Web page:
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[Text version]

Network Working Group
Request for Comments: 3817
Category: Informational
W. Townsley
cisco Systems
R. da Silva
AOL Time Warner
June 2004

Layer 2 Tunneling Protocol (L2TP) Active Discovery Relay
  for PPP over Ethernet (PPPoE)

Status of this Memo

This memo provides information for the Internet community. It does not specify an Internet standard of any kind. Distribution of this memo is unlimited.

Copyright Notice

Copyright © The Internet Society (2004).

Abstract

The Point-to-Point Protocol (PPP) provides a standard method for transporting multi-protocol datagrams over point-to-point links. Layer Two Tunneling Protocol (L2TP), facilitates the tunneling of PPP packets across an intervening packet-switched network. And yet a third protocol, PPP over Ethernet (PPPoE) describes how to build PPP sessions and to encapsulate PPP packets over Ethernet.

L2TP Active Discovery Relay for PPPoE describes a method to relay Active Discovery and Service Selection functionality from PPPoE over the reliable control channel within L2TP. Two new L2TP control message types and associated PPPoE-specific Attribute Value Pairs (AVPs) for L2TP are defined. This relay mechanism provides enhanced integration of a specific feature in the PPPoE tunneling protocol with L2TP.

Table of Contents

   1.  Introduction . . . . . . . . . . . . . . . . . . . . . . . . .  2
   2.  Protocol Operation . . . . . . . . . . . . . . . . . . . . . .  2
       2.1.  PPPoE Active Discovery Stage . . . . . . . . . . . . . .  3
       2.2.  Session Establishment and Teardown . . . . . . . . . . .  4
       2.3.  PPPoE PAD Message Exchange Coherency . . . . . . . . . .  6
       2.4.  PPPoE Service Relay Capabilities Negotiation . . . . . .  8
             2.4.1.  PPPoE Service Relay Response Capability AVP. . .  8
             2.4.2.  PPPoE Service Relay Forward Capability AVP . . .  9
   3.  L2TP Service Relay Messages. . . . . . . . . . . . . . . . . .  9
       3.1.  Service Relay Request Message (SRRQ) . . . . . . . . . .  9
       3.2.  Service Relay Reply Message (SRRP) . . . . . . . . . . . 10
   4.  PPPoE Relay AVP. . . . . . . . . . . . . . . . . . . . . . . . 10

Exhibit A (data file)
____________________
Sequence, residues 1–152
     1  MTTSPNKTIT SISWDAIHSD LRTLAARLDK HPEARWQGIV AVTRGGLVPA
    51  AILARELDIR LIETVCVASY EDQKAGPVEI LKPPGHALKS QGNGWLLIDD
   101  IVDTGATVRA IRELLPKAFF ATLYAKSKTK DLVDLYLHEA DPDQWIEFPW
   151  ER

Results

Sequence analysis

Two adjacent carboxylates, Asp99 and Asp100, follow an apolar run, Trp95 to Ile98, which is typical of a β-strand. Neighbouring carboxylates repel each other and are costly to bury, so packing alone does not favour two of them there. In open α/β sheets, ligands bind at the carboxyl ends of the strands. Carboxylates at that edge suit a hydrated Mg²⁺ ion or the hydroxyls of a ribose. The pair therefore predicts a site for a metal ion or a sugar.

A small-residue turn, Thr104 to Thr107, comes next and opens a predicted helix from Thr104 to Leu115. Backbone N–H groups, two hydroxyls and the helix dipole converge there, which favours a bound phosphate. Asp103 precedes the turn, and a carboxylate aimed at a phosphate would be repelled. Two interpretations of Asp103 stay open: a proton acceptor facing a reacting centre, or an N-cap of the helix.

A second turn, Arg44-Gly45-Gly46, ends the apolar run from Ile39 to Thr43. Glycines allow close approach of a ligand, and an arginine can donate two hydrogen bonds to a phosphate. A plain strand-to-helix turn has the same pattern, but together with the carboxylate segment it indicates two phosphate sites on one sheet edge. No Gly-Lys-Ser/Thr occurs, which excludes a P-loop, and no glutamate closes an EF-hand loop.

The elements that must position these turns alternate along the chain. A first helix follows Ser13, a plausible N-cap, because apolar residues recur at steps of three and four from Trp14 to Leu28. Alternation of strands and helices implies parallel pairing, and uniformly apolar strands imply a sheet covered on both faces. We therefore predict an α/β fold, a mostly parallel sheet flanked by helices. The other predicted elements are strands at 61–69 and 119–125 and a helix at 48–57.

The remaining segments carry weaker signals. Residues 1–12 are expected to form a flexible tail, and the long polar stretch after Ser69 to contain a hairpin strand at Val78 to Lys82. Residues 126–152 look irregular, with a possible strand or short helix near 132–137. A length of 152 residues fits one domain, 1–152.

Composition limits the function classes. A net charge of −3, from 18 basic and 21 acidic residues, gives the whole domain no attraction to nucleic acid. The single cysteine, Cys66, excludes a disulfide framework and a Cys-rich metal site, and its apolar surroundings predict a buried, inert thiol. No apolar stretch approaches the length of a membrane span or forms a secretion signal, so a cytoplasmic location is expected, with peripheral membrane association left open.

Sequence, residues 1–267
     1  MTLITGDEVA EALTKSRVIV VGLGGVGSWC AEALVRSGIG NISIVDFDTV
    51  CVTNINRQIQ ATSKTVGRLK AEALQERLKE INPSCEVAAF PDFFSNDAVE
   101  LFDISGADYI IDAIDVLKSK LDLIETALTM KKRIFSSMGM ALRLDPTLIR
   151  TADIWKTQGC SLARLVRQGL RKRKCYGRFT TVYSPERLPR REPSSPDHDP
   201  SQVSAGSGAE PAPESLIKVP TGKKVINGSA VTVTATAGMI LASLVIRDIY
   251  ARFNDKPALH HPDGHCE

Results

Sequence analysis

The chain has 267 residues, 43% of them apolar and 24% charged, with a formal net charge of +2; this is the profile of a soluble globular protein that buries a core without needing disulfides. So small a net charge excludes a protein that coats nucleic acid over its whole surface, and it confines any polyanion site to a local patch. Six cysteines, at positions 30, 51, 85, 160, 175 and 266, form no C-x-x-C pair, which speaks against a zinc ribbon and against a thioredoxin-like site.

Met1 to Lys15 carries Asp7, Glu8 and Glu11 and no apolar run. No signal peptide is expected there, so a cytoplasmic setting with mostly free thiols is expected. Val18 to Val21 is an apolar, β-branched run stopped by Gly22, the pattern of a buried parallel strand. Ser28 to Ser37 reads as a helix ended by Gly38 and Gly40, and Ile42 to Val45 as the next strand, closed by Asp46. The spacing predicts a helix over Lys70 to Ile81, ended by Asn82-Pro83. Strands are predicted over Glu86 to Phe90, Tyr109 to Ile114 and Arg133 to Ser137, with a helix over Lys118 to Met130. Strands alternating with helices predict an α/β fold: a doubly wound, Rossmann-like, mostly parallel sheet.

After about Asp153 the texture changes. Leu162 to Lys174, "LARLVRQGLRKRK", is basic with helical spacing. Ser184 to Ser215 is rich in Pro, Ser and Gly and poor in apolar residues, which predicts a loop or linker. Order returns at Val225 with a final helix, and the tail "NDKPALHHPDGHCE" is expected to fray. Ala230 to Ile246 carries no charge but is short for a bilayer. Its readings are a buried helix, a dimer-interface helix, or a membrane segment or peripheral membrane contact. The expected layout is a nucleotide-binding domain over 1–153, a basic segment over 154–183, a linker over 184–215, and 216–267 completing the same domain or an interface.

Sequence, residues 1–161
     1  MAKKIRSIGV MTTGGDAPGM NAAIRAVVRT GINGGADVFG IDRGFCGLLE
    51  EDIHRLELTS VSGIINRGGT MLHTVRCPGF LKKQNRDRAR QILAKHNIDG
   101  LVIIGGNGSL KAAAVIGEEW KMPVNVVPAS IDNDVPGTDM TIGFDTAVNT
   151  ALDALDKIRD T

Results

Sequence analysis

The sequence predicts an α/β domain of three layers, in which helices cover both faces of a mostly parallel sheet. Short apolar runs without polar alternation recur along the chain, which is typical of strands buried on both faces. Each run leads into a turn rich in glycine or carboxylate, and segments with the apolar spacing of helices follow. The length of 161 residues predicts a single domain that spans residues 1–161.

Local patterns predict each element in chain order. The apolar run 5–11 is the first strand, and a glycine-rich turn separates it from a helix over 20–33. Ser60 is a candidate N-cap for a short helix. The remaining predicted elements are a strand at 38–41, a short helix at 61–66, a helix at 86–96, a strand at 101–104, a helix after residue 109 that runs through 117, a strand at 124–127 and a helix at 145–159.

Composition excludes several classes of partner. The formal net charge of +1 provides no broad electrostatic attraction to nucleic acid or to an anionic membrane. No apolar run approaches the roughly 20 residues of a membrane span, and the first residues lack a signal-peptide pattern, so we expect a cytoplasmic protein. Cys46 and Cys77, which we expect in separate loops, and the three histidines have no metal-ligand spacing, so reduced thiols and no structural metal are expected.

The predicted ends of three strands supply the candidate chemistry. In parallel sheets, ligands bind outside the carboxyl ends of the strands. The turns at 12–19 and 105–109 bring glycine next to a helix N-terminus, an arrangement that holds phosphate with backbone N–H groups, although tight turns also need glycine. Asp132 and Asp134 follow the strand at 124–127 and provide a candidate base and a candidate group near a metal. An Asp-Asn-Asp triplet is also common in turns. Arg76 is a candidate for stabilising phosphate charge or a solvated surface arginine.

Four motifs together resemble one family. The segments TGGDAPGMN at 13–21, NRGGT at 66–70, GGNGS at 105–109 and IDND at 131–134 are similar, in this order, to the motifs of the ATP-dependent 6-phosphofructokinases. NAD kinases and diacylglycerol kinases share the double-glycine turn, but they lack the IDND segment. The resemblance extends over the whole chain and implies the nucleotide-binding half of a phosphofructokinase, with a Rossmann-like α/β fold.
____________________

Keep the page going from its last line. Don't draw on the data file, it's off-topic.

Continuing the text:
5.  Security Considerations. . . . . . . . . . . . . . . . . . . . 10
   6.  IANA Considerations. . . . . . . . . . . . . . . . . . . . . . 11
   7.  Acknowledgements . . . . . . . . . . . . . . . . . . . . . . . 12
   8.  References . . . . . . . . . . . . . . . . . . . . . . . . . . 12
       8.1.  Normative References . . . . . . . . . . . . . . . . . . 12
       8.2.  Informative References . . . . . . . . . . . . . . . . . 12
   Appendix A: PPPoE Relay in Point to Multipoint Environments. . . . 13
   Appendix B: PAD Message Exchange Coherency Examples. . . . . . . . 13
   Authors' Addresses . . . . . . . . . . . . . . . . . . . . . . . . 16
   Full Copyright Statement . . . . . . . . . . . . . . . . . . . . . 17

1. Introduction

PPPoE [1] is often deployed in conjunction with L2TP [2] to carry PPP [3] frames over a network beyond the reach of the local Ethernet network to which a PPPoE Host is connected. For example, PPP frames tunneled within PPPoE may be received by an L2TP Access Concentrator (LAC) and then tunneled to any L2TP Network Server (LNS) reachable via an IP network.

In addition to tunneling PPP over Ethernet, PPPoE defines a simple method for discovering services offered by PPPoE Access Concentrators (PPPoE AC) reachable via Ethernet from the PPPoE Host. Since the packets used in this exchange are not carried over PPP, they are not tunneled with the PPP packets over L2TP, thus the discovery negotiation cannot extend past the LAC without adding functionality.

This document describes a simple method for relaying PPPoE Active Discovery (PAD) messages over L2TP by extracting the PAD messages and sending them over the L2TP control channel. After the completion of setup through the processing of PAD messages, PPP packets arriving via PPPoE are then tunneled over L2TP in the usual manner as defined in L2TP [2]. Thus, there are no data plane changes required at the LAC or LNS to support this feature. Also, by utilizing the L2TP control channel, the PPPoE discovery mechanism is transported to the LNS reliably, before creation of any L2TP sessions, and may take advantage of any special treatment applied to control messages in transit or upon receipt.

2. Protocol Operation